With multiple guards capable of aggressive blitzing (George Hill, Rodney Stuckey, Monta Ellis), a disciplined on-ball defender (Paul George) and a defensive anchor (Ian Mahinmi, Myles Turner) more suited to making quick rotations, the Pacers have the personnel and quickness needed to evolve from a defense predicated on physicality to one fueled by ball pressure.
Less of the same old, same old:
With Roy Hibbert holding down the paint, the onus was always on the perimeter defenders to corral the opposing teams guards. Tasked with covering the roll-man and going straight-up (as he termed it) while simultaneously cursed by his own lack of mobility, the two-time All-Star never ventured far from the restricted area to hedge on screens or contest shots.
But with Mahinmi and possibly Myles Turner both more capable of covering a larger area, Indiana may actually be better equipped to keep opponents guessing next season.
"We have great mobile bigs," said George Hill. "We (have) bigs that can actually do a little bit more as far as in the pick-and-roll, as far as trapping, and things like that. It's (possible) for us to change the schemes up, so teams (are) not just locked in on one thing that we do."
Roy Hibbert will still be here in spirit:
Just because Roy Hibbert is now employed by the Los Angeles Lakers does not mean that the techniques he learned while in Indiana went away with him never to return again. In fact quite the opposite may end up being true, if Paul George has anything to say about it.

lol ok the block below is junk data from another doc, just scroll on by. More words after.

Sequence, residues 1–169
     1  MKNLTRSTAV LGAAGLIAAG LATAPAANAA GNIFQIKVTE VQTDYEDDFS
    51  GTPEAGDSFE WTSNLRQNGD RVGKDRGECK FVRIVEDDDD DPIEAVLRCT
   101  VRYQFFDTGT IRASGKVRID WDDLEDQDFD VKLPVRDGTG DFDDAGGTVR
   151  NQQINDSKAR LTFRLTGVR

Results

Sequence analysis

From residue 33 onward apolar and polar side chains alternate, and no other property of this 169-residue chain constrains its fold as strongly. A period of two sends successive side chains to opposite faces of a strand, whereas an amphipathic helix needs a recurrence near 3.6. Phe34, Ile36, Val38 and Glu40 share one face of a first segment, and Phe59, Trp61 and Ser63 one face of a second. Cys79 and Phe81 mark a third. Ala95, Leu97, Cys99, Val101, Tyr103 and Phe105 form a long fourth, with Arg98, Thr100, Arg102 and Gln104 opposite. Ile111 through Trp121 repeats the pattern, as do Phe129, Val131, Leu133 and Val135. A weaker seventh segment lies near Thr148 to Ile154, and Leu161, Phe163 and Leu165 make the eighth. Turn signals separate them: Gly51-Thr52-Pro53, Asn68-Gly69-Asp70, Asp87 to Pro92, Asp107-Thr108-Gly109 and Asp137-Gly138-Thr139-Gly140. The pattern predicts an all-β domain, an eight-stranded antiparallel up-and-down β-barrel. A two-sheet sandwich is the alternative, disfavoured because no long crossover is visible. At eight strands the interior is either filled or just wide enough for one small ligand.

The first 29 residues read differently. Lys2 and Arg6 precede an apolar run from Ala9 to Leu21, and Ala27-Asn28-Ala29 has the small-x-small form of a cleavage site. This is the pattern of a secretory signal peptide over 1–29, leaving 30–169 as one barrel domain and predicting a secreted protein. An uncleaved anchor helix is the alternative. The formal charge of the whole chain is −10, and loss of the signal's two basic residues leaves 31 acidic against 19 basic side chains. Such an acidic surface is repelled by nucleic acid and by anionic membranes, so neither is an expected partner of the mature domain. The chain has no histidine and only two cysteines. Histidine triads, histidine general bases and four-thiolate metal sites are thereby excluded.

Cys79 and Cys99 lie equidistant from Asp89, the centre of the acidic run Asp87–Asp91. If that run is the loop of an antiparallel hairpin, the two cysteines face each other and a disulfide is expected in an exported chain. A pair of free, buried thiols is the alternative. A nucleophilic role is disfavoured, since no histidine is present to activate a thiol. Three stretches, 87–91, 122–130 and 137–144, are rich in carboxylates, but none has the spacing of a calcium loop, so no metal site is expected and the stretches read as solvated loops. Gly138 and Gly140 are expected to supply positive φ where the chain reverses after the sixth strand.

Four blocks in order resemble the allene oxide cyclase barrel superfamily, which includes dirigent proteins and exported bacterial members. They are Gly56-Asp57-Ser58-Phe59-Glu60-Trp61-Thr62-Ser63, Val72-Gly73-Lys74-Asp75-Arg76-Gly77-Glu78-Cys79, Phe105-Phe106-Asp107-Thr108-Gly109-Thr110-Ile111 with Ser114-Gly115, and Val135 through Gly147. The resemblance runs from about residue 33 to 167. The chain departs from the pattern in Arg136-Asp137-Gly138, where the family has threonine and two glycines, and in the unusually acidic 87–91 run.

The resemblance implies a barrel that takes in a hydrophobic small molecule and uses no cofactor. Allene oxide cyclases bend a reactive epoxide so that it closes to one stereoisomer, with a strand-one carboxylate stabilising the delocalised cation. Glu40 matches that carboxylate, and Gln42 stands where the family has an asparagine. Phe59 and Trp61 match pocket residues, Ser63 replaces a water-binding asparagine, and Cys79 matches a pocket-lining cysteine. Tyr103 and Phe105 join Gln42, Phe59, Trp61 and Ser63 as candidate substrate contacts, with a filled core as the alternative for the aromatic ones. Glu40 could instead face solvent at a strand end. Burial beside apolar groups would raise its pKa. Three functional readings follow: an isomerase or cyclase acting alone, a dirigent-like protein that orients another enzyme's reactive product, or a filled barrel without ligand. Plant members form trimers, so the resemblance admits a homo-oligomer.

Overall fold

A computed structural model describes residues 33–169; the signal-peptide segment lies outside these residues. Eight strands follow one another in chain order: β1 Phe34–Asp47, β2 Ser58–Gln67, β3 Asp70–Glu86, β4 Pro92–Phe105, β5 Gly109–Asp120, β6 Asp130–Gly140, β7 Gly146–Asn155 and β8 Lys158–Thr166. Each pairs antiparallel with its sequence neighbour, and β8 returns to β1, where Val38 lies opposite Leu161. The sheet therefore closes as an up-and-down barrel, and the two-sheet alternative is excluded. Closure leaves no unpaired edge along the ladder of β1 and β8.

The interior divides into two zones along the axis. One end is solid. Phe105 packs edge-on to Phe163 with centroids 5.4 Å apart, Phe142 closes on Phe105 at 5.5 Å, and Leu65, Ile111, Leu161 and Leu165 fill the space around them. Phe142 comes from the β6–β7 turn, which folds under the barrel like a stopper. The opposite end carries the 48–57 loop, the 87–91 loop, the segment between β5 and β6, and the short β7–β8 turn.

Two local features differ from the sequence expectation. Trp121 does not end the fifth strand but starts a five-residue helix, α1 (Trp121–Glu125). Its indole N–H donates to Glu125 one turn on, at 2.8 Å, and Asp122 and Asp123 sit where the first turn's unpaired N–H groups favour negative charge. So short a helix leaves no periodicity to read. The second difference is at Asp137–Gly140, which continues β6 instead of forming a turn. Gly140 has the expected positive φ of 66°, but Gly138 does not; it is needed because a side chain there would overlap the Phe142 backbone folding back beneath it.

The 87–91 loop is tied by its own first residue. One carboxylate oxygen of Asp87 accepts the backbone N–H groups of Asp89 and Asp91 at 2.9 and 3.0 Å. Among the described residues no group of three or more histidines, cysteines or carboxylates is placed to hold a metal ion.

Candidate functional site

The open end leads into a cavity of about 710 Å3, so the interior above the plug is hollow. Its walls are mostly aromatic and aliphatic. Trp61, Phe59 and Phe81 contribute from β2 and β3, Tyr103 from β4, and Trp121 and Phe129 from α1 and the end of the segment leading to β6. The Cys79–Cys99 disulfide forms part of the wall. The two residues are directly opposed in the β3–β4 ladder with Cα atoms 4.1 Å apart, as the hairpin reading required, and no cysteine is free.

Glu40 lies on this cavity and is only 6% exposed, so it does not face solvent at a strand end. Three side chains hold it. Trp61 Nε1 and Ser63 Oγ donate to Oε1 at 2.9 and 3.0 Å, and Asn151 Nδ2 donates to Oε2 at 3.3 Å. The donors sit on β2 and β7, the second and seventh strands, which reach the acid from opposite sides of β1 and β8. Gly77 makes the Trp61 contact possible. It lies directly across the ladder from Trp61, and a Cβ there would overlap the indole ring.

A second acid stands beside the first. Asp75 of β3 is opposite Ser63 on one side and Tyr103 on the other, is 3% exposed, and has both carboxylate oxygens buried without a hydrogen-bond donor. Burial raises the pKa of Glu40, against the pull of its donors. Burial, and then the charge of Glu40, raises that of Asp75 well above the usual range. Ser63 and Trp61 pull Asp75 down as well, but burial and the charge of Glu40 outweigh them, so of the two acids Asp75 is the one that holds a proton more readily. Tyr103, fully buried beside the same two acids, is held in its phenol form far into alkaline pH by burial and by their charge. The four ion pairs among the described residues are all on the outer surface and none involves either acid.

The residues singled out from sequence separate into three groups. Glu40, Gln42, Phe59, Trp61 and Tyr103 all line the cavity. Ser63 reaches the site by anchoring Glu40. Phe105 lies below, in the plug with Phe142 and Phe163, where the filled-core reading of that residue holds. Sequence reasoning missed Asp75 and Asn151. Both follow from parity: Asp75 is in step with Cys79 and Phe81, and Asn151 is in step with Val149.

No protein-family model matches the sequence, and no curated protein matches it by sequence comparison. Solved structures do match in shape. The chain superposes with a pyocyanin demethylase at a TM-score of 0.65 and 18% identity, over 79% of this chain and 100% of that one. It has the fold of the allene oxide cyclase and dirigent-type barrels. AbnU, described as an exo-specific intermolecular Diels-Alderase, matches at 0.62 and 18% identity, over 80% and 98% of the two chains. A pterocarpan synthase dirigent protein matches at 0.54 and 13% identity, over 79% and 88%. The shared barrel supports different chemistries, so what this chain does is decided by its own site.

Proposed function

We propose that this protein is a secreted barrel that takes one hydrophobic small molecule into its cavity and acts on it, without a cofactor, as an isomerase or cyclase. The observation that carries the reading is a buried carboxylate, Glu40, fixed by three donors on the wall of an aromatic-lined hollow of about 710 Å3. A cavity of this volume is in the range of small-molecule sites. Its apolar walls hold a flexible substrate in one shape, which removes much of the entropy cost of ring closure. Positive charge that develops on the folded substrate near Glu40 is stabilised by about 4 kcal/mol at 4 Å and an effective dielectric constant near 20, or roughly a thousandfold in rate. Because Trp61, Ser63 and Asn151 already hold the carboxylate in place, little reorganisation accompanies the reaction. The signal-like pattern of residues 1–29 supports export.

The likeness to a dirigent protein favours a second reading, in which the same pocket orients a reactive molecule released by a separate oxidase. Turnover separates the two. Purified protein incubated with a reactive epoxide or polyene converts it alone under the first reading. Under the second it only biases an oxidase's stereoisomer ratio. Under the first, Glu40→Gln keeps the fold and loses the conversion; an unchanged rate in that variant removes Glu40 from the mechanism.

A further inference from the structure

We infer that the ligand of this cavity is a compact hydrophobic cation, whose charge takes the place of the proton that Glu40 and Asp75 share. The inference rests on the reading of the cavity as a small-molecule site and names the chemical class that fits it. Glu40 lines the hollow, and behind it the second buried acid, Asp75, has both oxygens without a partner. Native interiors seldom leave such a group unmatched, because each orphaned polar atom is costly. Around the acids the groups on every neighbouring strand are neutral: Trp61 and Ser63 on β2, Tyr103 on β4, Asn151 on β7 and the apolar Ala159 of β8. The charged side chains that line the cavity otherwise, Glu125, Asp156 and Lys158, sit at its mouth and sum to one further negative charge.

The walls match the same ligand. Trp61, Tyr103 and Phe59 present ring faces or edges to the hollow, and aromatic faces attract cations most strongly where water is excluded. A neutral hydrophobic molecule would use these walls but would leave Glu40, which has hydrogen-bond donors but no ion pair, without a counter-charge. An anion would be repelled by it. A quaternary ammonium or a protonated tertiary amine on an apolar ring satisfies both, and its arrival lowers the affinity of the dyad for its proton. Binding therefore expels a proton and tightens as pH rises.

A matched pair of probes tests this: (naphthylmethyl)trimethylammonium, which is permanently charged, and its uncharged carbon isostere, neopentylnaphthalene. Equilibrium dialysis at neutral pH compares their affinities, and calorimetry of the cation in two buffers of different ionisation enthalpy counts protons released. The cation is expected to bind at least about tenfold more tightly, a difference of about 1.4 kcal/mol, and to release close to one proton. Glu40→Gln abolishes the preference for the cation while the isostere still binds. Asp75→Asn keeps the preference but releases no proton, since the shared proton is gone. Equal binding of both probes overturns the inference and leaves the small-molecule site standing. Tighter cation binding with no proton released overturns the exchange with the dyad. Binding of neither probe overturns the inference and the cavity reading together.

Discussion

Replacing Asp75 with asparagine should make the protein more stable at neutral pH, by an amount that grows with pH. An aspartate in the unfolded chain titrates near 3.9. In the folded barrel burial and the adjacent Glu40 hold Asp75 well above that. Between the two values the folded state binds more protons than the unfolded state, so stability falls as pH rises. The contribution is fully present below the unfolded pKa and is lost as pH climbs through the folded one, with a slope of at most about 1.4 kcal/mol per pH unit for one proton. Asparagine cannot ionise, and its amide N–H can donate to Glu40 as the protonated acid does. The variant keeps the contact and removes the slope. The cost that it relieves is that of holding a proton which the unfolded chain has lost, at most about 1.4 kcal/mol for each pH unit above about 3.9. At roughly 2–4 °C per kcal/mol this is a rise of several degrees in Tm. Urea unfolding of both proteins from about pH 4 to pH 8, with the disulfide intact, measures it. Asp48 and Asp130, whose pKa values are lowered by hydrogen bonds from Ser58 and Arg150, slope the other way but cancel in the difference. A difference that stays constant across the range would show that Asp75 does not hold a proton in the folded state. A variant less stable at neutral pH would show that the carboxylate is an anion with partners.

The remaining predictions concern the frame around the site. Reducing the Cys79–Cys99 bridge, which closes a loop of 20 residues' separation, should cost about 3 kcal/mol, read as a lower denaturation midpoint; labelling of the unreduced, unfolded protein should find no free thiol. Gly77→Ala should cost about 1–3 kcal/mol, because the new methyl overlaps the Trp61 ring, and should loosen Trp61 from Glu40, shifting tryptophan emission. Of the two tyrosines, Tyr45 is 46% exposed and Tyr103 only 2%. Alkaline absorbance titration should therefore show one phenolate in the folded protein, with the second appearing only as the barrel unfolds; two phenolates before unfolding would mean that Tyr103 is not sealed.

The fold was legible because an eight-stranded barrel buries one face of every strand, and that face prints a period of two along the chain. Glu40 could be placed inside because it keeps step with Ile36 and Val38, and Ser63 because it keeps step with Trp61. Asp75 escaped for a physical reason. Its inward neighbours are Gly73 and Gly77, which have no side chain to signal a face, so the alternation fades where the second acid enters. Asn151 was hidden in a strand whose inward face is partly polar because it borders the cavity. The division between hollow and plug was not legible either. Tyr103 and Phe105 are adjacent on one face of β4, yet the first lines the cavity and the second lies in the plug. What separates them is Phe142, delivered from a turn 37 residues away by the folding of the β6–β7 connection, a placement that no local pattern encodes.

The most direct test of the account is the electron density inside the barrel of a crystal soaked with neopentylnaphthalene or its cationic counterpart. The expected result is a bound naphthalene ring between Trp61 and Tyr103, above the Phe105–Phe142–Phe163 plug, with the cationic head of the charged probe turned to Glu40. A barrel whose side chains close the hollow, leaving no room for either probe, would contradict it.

"Having (had) Roy here, I know what a center is defensively, "George explained. "I know their job. I had an All-Star as a center. That is something I'm grateful for, that I can teach to Myles (Turner) and Rakeem (Christmas) and get them prepared. They have the same skill set."
Frank Vogel once explained the NBA's principle of verticality to Roy Hibbert and designed a two-on-one drill to refine the 7-footer's ability to contest shots at the rim, what's to say the same cannot be done for Myles Turner?
Because Paul George is right, Turner does have a similar skill set. As a freshman at Texas, he led the Big 12 in defensive rating and total blocks (89), resulting in him being named the Big 12 Conference's Freshman of the Year. He averaged 4.3 blocks per game at the Orlando Pro Summer League.
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Replacing or duplicating what Frank Vogel today termed as Roy Hibbert's "pure dominance at the rim" is going to be a tall order for this group right out of the gate. With 990 career blocks, the Big Dawg ranks fourth in Pacers franchise history. But what the Pacers lose in paint presence, they gain in speed, pace, versatility, and new-found opportunity for up-and-comers. Indiana cannot replace 'The Great Wall of Hibbert' and they shouldn't try, being different -- diversifying schemes, employing quicker rotations, utilizing speed and versatility to create turnovers, and incorporating new faces -- is the how the Pacers will protect the paint moving forward.
"Roy was special," Paul George opined. "He will be missed, but the show must go (on)."
The time to embrace newness is now.